The physical laws of the universe are governed by just four fundamental forces. Along with gravity and the nuclear strong force, they include the electromagnetic force, arising between charged particles; and the nuclear weak force, which is the reason for radioactive decay. Physicists made a major breakthrough in the 1960s: the discovery that the last two forces can be described with a single theory, the Weinberg-Salam-Glashow theory (also known as the Standard Model of electroweak interaction). This theory describes the interaction of leptons (such as electrons) mediated by particles, named ‘gauge bosons’; photons for the electromagnetic force; and W and Z bosons for the weak. This theory is based on the so-called gauge principle and requires the invariance (independence) of physical laws upon gauge transformations connecting a change of the electroweak potentials (which describe electroweak forces) with a change of the electron wave function. Gauge transformations are described by the special mathematical group SU(2)xU(1)) which was found empirically on the basis of a large number of experimental observations. In parallel, strong interaction is also described by a gauge theory with an another gauge group (the group SU(3)) but not directly connected with the electroweak theory.
Despite its enormous success in explaining a huge number of experimental observations, the Standard Model holds several unsolved problems. One of the unexplained and somehow mysterious problems is the family problem. The six types of leptons (the matter particles in electroweak interaction), and six types of quarks (the matter particles in strong interaction) are grouped into three families. The electron and the electron-neutrino is the first family, the myon and the myon-neutrino the second, and the tou and the tou-neutrino the third family. However, these three families have identical physical properties except for their mass, and have the same internal quantum numbers of iso-spin and hypercharge. Yet this so-called family problem cannot be explained in the Standard Model. In addition, one fundamental problem is the lack of an explanation for Dark Matter particles. Dark Matter is now known to comprise as much as 85% of all matter in the universe, but its composition has entirely eluded researchers.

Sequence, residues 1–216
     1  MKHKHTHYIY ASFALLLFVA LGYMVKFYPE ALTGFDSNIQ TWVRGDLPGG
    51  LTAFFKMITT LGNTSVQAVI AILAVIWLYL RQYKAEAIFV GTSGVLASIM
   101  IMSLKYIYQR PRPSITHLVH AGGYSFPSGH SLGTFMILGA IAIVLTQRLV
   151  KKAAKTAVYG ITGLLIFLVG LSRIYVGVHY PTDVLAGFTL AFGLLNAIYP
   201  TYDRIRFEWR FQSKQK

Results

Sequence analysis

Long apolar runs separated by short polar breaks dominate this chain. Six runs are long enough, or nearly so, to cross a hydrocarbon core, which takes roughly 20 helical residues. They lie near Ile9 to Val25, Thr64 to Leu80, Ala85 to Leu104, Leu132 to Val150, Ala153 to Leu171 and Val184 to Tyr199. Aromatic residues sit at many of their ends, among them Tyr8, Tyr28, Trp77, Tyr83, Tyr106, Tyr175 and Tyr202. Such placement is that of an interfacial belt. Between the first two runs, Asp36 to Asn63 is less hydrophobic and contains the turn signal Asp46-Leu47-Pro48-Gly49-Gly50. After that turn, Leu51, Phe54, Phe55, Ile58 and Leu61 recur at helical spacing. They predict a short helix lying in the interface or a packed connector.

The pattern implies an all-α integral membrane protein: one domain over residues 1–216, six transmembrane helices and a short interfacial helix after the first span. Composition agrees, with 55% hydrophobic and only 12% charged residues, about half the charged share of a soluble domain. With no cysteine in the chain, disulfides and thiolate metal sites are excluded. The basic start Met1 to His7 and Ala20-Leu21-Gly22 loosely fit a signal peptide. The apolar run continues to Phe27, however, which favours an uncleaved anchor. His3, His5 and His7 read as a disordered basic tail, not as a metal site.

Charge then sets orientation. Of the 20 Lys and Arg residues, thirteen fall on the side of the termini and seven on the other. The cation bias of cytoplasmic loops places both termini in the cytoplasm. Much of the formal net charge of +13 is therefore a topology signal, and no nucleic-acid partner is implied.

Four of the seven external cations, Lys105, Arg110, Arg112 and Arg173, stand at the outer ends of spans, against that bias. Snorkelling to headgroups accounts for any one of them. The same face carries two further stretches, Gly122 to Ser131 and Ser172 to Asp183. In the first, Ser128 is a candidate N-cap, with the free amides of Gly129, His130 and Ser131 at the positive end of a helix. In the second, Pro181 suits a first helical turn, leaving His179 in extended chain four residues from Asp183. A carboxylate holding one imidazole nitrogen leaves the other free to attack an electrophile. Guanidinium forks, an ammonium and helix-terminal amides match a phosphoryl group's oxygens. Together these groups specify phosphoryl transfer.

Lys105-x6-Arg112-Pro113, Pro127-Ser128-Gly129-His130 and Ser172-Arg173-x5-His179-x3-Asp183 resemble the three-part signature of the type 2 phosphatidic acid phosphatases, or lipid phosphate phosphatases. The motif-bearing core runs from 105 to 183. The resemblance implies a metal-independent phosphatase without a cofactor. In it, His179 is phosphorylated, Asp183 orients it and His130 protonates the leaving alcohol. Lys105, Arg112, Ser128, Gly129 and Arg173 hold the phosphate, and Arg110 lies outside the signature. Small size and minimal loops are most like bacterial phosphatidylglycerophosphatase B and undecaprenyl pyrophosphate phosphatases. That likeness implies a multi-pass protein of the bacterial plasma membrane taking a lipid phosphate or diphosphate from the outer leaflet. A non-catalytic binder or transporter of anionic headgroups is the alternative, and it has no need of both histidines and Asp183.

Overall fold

Using tangent bundles…gaps in the Standard Model which have withstood for decades may finally be filled.
Fibre bundle interpretation of gauge theories
Einstein´s general theory of relativity is based on the idea that the physical law determining gravitation is invariant with respect to general space-time coordinate transformations. For example, the physical laws observed in a fast-moving rocket should have the same form as for an observer on Earth. This general request is not fulfilled in Newton´s gravity theory. Einstein used this relativity request as a guiding principle for the development of his new gravity theory without any experimental hints for an improvement of the previous theory. In his theory, the underlying geometrical structure was demonstrated not to be the Euclidian geometry (as was generally believed until then), but a more general geometry – the Rieman geometry. Here, gravity is a property of space and time because the fundamental theoretical entity (the metric Rieman tensor) determines both metric relations of lengths and time intervals, as well as the physical gravitational forces.
In the second half of his life, Einstein and many others made several attempts to develop a unified theory of electromagnetism and gravity based on an analogical principle of geometrisation of physical forces; unsuccessful, the challenge was put aside for many years. However, in the 60h, an interesting link between gauge theory of the Standard Model and the mathematical theory of fibre bundles was found; importantly, it bridges the geometrisation programme. A fibre bundle is intuitively a geometrical structure in which every point of the space a different manifold (the fibre) is assigned. In the fibre bundle, interpretation gauge transformations are understood geometrically as transformations along the fibre axis at a fixed space point and gauge potentials are identified with a geometrical entity: the so-called connection on the bundle.
…potentially bringing us closer to solving the problem of Dark Matter – one of the most profound mysteries in astrophysics.
The fibre bundle interpretation is a beautiful and mathematically profound concept, but one key question remains unanswered. Which kind of specific fibre manifold is the geometrical fundament for a theory of the fundamental physical interactions? Until now, researchers have used the same transformation groups for the fibres as the phenomenologically determined internal symmetry groups of the Standard Model. But this approach largely delivers a re-interpretation of the gauge fields without much new physical insight. It does not take us beyond the Standard Model.
Exploring tangent bundles